29. 29. Preparing the client for trauma disclosure • Provide basic information (use visual diagram) to share about PTSD symptoms: fill out specifics together • Explain how you plan to intervene with current pattern – “Why I do what I do.” • Share diagram of emotions and truncated feelings – “Why I do what I do... Toward feelings.” • Watch their responses, reassess their understanding, are they on-board? Have they had this before? Validate discomfort. Clarify their goals for therapy. Reassure that doing heavy work too soon will not occur, but avoidance won’t either.
  30. 30. TRAUMATIC EVENT OCCURS  No resources to help survivor put that experience (share, feel)- left to own methods of coping YEARS LATER  Survivor is probably experiencing increased trauma reactions due to TRIGGERS NOT BEING IDENTIFIED TRAUMA TRIGGERS: Thoughts about self, danger, old- script; EMOTIONS.
  31. 31. Despondent Despair Helpless Grief Sadness Depressed Low Disappointed Fear Loneliness Hurt, Solemn Anger Irritated Agitated Frustrated Numb "Okay" "Fine" No Feeling Satisfied Confident Optimistic Excited Thrilled Enthusiastic Ecstatic Joyful Acceptable range VICE GRIP ON EMOTIONS AFTER TRAUMATIC EVENTS © Daniels, 2012
  32. 32. Where the rubber meets the road • Once you have safe place, rapport, and context, how to distill out underlying issues • Listen: very closely to language used by client while sharing • Watch: affect as client shares • Use: Probing, summary, reflecting, neutral affect, supportive body- language
  33. 33. QUESTIONS TO ASK THE CLIENT (assessing for context): • “How long have you had ____(symptom)?” • “How often do you have these thoughts?” (frequency) • “When was the first time you felt like this in your life?” (duration) • “How old were you when ___(incident) occurred?” • “What emotions (feelings) are you experiencing right now as you are sharing this?” Where the rubber meets the road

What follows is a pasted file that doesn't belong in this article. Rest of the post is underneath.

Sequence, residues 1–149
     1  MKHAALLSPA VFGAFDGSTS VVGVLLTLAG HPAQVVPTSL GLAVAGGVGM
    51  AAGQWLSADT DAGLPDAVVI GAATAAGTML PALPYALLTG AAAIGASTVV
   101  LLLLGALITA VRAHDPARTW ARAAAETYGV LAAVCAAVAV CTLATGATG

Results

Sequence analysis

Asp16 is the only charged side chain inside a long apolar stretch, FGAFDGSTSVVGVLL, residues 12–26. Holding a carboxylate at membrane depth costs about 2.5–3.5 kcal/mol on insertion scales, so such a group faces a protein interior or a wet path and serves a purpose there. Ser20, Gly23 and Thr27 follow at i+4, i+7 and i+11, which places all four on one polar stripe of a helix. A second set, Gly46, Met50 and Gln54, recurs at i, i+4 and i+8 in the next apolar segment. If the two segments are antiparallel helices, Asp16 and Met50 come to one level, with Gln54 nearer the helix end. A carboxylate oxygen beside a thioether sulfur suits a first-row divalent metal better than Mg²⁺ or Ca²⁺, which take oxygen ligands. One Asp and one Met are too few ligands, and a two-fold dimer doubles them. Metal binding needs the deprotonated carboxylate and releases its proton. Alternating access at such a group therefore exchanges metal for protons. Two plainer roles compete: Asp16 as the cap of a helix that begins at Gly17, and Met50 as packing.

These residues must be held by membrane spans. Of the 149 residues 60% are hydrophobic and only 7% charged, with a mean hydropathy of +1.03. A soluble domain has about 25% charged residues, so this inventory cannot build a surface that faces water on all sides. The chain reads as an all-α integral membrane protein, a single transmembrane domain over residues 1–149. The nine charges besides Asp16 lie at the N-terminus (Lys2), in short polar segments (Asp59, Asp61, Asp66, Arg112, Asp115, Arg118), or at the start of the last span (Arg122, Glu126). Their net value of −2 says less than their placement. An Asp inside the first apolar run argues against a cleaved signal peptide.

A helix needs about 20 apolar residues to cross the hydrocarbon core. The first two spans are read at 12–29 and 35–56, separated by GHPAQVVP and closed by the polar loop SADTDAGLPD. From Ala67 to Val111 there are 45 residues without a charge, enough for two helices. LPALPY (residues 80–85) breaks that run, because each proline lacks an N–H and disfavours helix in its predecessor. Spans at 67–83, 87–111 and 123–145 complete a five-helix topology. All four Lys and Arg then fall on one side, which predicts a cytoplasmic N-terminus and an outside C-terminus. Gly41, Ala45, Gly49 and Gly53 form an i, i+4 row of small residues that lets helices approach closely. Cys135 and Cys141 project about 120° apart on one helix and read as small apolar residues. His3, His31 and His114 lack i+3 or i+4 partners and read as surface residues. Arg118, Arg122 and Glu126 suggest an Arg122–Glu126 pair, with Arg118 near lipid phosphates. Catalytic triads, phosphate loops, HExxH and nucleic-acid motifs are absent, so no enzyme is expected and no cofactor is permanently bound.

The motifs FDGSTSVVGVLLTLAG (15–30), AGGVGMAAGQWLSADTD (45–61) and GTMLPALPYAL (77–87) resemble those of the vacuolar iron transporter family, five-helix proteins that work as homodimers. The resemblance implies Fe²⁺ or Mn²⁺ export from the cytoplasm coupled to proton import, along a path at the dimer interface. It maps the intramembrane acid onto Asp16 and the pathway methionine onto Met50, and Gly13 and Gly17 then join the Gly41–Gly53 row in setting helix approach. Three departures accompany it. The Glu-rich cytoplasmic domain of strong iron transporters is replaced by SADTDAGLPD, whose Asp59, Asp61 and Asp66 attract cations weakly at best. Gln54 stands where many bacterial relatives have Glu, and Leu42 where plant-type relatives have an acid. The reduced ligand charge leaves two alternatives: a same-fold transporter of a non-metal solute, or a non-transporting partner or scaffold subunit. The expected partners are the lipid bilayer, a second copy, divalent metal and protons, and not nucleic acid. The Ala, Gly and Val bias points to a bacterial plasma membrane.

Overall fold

34. 34. QUESTIONS TO ASK THE CLIENT (assessing for current response pattern): • “What do you usually do when ___(memory) arises?” • “Does ___ (behavior) work?” What effect does that have for you? What function?” • “What emotions are you trying to change?” • “Have you ever allowed yourself to feel the emotions connected to your trauma?” (If so, what was that like?) Where the rubber meets the road
  35. 35. SIMULTANEOUSLY, QUESTIONS TO ASK YOURSELF: (gathering data via “watching” and “listening”) • “What is their affect/body- posture/gaze?” • “Do I hear statements suggesting loss, guilt, unresolved grief?” • “What statements of ‘I am’ can I infer from what I’m hearing?” • “How old would I guess the client is as they are talking with me now? (how they present themselves)?” Where the rubber meets the road
  36. 36. QUESTIONS/STATEMENTS TO THE CLIENT: • “What emotions are you aware of right now? Where in your body are your feeling them?” • “I notice that you are hunched over and looking down... What’s going on?” (wait wait wait for the answer) • Combining assessment and observing: more information. Where the rubber meets the road
  37. 37. So many options: clinical intuition
  38. 38. So many options: clinical intuition Watch/Listen: • Body posture, eyes • Statement about self • Specifics about traumatic incident – Decisions made – Full context of situation – Use of outcome to flavor decisions made during crisis Therapist options: (just like they taught us in school – just mix it up) • Summary • Reflection • Deeper level questions • Extra information/educ • Focus on emotions • Listen... listen, watch, wait, listen more. – The whole time thinking
  39. 39. Tenacious curiosity + don’t bail too early. What is the narrative I’m hearing? How is this being shared? First time? Details? Context? Triggers? Resistance: verbal, emotional? Emotions: Fear? Guilt? Grief? Helpless? How to get “unstuck?” TRAUMA STORY REVEALED More details shared Context assessed Emotions identified “I -- statements” identified